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OpenDivX digest, Vol 1 #60 - 2 msgs



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Today's Topics:

   1. How does it Work ;-) (Tobias Gogolin)
   2. Undelivered Mail Returned to Sender (Deepak Chandra)

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Message: 1
From: "Tobias Gogolin" <[email protected]>
To: <[email protected]>
Date: Mon, 23 Apr 2001 21:26:31 -0700
Subject: [OpenDivX] How does it Work ;-)

Hi all - I just subbed to this list cause I love the topic
However I am not sure I'll be able to help with the code...

What is it that best defines the Open-DivX aproach ?
I suspect its highly mathematical

I myself am reserching in Parallel Object Oriented Computing
And I admire the feat to write an algorythm for coding 2(+time = 3) dimensional
object projections and their most efficient compression (in realtime)
on only one CPU ! (if it helps I hope in 10 years we have (virtual) 3Dimensional Processing Arrays (with tightly integrated
localized cache) and will map algorythms on these flexibly configurable Data Flow Spaces)

I did see there is not much noise on this list - So it is wishful thinking to get an answer
so keep it pure just send me your best bookmarks (additional to the ones I quoted below)

cheers

Tobias

p.s.:
OH best if you focus on the Links that speak in in regular words and not just acronyms
for I am just a regular dreamer =)


Quoting: [Opendivx] wavelets
Carlo Daffara [email protected]
Thu, 1 Feb 2001 17:14:49 +0100 (MET)

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--------------------------------------------------------------------------------

No joking. The problem is that the work is not easy :-)
For example, there are many postprocessing filters, but only a few can be
implemented in realtime (all the POCS-projection onto convex sets, for
example; regularization- based filters, or the wonderful coding-recoding
dct filter are not realtime)
There is a lot of work on better dct coding;
for example:
- an algorithm that builds directly a postprocessed idct:
http://citeseer.nj.nec.com/details/wu98additive.html (very good artiocle
by the wonderful Gersho)
- enhanced dct coding, spreading error:
http://sipi.usc.edu/~ortega/Thesis.html
http://www-ise.Stanford.EDU/class/ee392c/demos/kesavan/
http://www-ise.Stanford.EDU/class/ee392c/demos/anna_alvin_gomata/
- pocs postprocess:
http://www.en.polyu.edu.hk/~enyhchan/c_98csvt.ps
http://www-ise.Stanford.EDU/class/ee392c/demos/galo/
http://www.en.polyu.edu.hk/~enyhchan/c_97spl.ps

Motion estimation:
http://www.eurasip.org/eusipco96/abstract/all.htm#me_9
it is easy to see why motion estimation is important; if you get
"near perfect" matches you end up with a differential image with very high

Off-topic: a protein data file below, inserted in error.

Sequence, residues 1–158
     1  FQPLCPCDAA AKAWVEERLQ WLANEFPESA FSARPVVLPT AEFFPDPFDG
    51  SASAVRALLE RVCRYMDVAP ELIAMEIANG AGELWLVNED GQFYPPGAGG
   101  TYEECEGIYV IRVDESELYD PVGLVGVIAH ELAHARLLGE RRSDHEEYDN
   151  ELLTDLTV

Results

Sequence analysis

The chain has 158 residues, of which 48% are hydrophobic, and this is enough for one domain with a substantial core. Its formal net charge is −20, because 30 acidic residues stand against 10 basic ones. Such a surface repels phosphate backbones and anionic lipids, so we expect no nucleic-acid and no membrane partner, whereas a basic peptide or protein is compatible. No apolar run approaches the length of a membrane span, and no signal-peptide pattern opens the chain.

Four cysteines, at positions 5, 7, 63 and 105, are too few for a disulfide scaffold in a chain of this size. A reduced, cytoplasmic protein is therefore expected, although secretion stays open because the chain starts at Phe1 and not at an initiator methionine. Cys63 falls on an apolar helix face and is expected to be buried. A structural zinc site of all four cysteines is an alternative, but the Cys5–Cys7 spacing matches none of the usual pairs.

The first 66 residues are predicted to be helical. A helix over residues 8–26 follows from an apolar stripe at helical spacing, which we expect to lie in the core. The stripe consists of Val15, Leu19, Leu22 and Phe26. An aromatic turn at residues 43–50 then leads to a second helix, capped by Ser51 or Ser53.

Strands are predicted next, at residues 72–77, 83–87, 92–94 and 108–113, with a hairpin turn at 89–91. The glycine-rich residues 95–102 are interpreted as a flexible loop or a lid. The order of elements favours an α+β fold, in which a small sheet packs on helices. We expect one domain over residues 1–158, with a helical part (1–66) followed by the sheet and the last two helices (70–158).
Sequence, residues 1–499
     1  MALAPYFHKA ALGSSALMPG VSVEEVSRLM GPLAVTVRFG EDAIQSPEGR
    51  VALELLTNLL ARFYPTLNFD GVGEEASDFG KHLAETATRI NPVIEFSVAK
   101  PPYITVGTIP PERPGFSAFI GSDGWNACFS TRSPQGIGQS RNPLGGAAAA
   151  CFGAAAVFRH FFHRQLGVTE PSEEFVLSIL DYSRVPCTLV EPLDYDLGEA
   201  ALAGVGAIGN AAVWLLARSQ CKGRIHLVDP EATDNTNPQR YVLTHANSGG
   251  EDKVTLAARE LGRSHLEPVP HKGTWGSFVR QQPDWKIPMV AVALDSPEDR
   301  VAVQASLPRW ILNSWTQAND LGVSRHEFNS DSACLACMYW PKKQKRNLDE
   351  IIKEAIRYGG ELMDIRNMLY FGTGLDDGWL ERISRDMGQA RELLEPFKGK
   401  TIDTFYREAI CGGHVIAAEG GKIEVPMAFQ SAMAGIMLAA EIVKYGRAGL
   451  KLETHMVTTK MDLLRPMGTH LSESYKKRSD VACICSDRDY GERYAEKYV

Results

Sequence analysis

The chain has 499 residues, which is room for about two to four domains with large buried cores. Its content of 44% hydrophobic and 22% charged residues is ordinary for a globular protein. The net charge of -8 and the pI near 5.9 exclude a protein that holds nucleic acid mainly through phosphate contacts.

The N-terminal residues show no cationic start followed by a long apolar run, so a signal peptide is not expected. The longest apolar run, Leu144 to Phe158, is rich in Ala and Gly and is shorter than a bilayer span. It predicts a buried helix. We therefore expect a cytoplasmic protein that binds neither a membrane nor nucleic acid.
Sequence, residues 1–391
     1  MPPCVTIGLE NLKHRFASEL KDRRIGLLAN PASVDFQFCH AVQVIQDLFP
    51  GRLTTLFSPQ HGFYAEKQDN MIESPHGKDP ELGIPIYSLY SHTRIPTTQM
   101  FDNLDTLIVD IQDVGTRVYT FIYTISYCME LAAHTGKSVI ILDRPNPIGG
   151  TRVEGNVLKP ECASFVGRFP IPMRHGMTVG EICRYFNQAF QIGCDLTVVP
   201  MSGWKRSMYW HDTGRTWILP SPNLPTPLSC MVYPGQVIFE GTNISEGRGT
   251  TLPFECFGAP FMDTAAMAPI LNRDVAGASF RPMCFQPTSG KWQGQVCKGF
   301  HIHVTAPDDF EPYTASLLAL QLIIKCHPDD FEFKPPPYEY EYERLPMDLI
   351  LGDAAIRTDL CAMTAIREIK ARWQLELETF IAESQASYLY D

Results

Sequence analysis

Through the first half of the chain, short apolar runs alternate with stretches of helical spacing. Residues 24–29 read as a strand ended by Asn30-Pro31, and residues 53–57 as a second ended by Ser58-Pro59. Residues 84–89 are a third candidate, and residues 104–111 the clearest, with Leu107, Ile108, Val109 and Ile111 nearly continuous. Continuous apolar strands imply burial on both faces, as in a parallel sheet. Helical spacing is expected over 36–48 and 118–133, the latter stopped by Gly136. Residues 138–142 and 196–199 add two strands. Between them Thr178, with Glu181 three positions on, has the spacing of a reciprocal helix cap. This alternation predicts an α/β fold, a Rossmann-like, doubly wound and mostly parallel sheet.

frequency content and difficult to dct encode. Since P and B (predicted)
images are the majority, it is important to code efficiently those. In my
experiments, I discovered that it's better to start with a very high
quality I frame, and adapt the motion estimation algorithm of the encoder
depending on the image content (also see:
http://www.research.ibm.com/journal/rd/434/gonzales.html)

Preprocessing:
anisotropic diffusion is the most common method:
http://vision.ece.ucdavis.edu/ftp/cipic/reports/92/02/demo/node3.html
also:
http://vision.ece.ucdavis.edu/scripts/reportPage?95-04
There is not much research on using motion to do preprocessing (apart some
expert that says that's not good, but that applys only to best match
motion estimation). You need to use a robust optical flow estimator, and
use the motion vectors from the optical field to do directional smooting
using anisotropic diffusion.

Iterative encoding: let's say that you have all the time you want to do
the encoding. You do:
1- estimate scene changes
2- extract subscenes between changes
3- encode them with different encoding parameters, choosing the result
with the lowest total error.
(this is done by some high end compression bureaus, I know that one of
them are using a Maspar MPP parallel machine)
As you see, it's a lot of work. But if you use all of them you can get
around 50% (I think something more, thanks to the sinergy between
preprocessing and motion estimation).
ciao
      Carlo Daffara

On Thu, 1 Feb 2001, John Funnell wrote:

> Carlo, thanks for your enlightening post:
> one thing... your percentages, when multiplied come to around 54% (I assume
> you're meaning bitrates).  So, equivalent quality in half the size?  This
> would incredible if we could do this :-)
>






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Message: 2
From: "Deepak Chandra" <[email protected]>
To: <[email protected]>
Date: Sat, 24 Mar 2001 13:23:02 +0530
Subject: [OpenDivX] Undelivered Mail Returned to Sender



Can anyone tell me how to test/play  the bitsteam out of the MPEG4 video
encoder ? Can I directly play the bitstream using a palyer or do I have to
convert it to any other file format like avi ......

Deepak




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